Well I'll Be Damned!!

Michael Moeller's picture

Goode managed to make a guest appearance on The O'Reilly Factor.

Update

Michael Moeller's picture

Well, Leon Panetta confirmed what Peter King said earlier, i.e. that enhanced interrogation yielded intelligence that led to the capture of OBL. We'll see what pains the left goes to deny or diminish this fact.

On a separate note, apparently OBL was unarmed but still provided "resistance"--whatever that means. What happened to Miranda warnings and the right to a lawyer for enemy combatants?

I guess these details don't bother the Cult of Obama as long as the episode improves his chances for reelection. And will stumbling over reality encourage Obama to change course? Fat chance.

Curious ...

Lindsay Perigo's picture

... that Baade, often at pains to insist it's not a Goblian, but merely a Goblinite, here invokes some of the most repulsive of all Goblian texts (and the competition is pretty stiff).

Jeezy, elsewhere described by Baade as the greatest moral teacher who ever lived, said: " ... do not resist an evil person. If someone strikes you on the right cheek, turn to him the other also. And if someone wants to sue you and take your tunic, let him have your cloak as well."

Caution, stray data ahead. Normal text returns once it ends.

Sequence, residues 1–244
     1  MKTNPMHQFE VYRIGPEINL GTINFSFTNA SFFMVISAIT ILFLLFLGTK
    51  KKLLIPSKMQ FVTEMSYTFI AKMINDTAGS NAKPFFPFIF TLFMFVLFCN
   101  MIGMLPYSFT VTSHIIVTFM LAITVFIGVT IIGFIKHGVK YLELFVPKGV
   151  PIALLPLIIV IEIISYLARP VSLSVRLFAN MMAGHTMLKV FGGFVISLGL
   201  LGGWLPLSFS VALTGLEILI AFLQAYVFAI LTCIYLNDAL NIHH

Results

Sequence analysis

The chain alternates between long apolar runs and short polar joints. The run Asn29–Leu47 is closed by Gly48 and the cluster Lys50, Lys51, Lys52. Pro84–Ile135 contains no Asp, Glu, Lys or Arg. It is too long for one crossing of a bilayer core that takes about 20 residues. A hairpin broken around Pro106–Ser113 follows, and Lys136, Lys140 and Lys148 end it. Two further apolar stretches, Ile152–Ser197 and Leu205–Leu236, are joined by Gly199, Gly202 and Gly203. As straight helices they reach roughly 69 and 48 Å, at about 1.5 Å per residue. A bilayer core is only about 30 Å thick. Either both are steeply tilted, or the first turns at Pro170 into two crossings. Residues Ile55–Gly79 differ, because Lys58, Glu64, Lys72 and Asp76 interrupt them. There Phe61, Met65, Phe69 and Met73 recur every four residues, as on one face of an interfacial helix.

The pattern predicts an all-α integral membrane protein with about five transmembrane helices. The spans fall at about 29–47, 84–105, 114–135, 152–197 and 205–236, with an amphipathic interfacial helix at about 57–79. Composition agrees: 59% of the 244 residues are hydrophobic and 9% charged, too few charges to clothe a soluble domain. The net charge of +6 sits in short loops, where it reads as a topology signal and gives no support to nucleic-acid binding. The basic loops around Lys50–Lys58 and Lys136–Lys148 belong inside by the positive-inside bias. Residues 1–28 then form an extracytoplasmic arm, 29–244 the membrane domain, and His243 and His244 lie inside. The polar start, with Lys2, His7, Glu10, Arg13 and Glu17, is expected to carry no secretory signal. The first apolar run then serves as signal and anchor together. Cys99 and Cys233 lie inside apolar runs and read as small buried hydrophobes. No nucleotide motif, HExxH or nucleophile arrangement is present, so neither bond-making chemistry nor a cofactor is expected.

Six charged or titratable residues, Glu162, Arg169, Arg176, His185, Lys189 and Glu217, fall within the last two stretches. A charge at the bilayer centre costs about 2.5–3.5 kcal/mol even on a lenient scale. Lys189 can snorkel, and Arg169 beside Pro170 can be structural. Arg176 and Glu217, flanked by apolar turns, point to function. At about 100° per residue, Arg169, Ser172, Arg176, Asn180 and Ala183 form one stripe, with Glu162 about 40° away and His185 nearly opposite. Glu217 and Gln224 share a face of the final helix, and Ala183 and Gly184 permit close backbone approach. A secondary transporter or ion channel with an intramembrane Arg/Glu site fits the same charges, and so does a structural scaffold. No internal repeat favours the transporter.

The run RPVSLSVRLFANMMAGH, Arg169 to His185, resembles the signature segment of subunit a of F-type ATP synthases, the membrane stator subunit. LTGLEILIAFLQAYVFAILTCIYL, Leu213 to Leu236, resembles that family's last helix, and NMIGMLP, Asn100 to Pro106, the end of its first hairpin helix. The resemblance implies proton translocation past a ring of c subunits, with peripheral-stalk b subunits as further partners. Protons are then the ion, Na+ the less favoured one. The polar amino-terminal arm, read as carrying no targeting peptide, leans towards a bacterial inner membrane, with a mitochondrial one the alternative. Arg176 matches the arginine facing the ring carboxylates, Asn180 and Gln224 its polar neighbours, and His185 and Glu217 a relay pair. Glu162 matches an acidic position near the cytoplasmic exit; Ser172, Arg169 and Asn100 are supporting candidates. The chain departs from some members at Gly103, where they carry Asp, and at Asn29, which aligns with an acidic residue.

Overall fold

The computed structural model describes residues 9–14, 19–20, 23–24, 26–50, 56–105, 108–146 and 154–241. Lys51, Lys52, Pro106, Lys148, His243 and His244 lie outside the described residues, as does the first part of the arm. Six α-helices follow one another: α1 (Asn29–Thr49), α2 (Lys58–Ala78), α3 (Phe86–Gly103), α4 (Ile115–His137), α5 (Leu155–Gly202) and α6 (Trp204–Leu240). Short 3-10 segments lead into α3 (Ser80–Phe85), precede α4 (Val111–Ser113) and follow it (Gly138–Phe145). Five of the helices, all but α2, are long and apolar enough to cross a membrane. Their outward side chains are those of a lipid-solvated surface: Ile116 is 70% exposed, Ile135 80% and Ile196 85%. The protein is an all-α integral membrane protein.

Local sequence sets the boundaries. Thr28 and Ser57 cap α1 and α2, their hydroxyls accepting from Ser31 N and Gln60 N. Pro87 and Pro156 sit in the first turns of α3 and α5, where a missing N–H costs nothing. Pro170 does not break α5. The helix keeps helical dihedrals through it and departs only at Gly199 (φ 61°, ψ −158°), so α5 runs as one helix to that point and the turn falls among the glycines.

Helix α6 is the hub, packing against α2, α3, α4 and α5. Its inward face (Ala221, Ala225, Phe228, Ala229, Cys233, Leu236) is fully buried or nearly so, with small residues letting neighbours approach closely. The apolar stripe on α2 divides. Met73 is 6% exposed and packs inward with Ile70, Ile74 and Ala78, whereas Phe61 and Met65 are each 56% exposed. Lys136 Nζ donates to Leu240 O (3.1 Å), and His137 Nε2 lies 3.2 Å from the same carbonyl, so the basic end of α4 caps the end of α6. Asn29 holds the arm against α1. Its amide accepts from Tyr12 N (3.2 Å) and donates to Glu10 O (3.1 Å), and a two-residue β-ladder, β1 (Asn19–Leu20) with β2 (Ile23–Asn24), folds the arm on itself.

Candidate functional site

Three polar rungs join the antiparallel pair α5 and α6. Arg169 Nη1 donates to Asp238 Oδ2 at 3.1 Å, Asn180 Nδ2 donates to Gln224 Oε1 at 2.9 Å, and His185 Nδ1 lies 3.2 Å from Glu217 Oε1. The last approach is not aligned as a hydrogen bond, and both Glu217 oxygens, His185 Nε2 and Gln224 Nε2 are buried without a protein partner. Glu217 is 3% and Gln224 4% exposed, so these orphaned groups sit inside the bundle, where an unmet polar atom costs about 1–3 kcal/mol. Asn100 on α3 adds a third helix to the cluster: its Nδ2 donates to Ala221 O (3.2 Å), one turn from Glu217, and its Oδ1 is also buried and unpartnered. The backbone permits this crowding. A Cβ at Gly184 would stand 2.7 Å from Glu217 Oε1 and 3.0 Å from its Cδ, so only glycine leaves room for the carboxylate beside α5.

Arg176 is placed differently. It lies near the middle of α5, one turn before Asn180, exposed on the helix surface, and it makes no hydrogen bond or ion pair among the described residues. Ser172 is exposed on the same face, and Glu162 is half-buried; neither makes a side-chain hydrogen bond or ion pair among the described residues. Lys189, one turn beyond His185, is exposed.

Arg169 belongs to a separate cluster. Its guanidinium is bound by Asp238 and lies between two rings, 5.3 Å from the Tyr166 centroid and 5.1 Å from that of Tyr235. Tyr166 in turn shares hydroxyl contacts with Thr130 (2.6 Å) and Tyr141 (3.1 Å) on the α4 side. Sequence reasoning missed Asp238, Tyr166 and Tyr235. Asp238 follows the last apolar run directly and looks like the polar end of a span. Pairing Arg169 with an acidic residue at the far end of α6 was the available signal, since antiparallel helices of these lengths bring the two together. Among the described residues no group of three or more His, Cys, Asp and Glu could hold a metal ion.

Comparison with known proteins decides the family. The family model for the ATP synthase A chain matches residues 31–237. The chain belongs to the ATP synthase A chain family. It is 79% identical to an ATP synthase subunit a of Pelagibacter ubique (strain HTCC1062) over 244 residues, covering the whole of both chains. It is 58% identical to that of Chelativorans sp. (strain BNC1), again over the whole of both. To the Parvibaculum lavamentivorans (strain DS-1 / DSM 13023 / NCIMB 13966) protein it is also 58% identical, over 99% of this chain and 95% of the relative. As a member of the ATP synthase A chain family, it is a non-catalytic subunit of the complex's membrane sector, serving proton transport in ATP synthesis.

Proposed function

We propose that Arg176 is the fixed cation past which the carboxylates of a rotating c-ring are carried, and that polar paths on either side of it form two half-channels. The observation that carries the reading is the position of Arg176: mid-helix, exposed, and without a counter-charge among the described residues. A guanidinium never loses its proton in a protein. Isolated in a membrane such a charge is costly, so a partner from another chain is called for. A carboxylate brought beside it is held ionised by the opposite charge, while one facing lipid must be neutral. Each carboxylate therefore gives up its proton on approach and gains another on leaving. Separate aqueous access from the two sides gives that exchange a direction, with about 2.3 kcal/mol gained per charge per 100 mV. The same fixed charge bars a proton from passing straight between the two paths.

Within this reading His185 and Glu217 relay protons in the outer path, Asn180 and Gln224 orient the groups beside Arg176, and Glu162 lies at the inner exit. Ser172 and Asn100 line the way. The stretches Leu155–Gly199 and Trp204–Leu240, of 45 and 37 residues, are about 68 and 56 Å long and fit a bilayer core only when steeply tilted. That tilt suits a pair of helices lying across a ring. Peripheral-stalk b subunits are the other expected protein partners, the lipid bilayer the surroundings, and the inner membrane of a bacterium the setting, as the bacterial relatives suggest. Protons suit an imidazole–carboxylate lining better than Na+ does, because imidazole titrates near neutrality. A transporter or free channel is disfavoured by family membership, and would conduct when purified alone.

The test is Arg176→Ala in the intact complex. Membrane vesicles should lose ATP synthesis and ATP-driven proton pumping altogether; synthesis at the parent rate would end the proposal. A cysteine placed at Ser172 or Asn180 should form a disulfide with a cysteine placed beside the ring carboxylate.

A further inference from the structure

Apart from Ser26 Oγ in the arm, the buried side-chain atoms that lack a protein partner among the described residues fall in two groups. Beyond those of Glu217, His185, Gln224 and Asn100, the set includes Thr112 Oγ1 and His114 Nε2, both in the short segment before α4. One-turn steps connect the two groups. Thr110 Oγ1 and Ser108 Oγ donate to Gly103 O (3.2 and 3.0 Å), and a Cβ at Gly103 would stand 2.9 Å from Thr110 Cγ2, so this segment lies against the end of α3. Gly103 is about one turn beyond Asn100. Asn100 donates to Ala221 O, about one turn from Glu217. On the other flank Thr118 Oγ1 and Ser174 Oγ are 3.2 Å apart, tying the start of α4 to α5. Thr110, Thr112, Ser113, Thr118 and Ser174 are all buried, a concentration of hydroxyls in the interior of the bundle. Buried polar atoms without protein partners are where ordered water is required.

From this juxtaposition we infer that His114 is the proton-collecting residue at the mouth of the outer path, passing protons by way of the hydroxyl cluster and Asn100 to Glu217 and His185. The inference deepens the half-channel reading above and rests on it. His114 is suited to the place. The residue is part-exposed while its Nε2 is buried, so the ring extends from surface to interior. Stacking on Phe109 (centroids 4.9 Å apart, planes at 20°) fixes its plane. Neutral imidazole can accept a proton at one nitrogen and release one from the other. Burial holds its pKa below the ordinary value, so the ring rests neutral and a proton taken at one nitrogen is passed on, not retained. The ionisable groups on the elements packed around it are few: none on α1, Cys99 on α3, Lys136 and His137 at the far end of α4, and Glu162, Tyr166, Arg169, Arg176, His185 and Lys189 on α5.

After 9/11, America should have invited OBL to take down the Empire State Building as well. How could we have missed that?! Oh, that's right, we were consumed by our "beyond-disgusting" desire for justice.

Then again, Baade says none of us can help what we think or do; there is no free will. That being so, I wonder how it justifies calling anyone disgusting or beyond disgusting, just for doing/thinking something he/she can't help doing/thinking?

How did they get to OBL? Somehow.

Michael Moeller's picture

I give President Obama credit for acting on his own initiative by taking out OBL without informing the Pakistanis. However, he was at his graceless and solipsistic best during his speech on Sunday. As Andrew McCarthy pointed out, there was no "we" in removing the Taliban. That was done on Bush's watch, which Obama is now trying to undo. And yet, there was no "we" in killing OBL, only "I" from Obama? Hmmmm.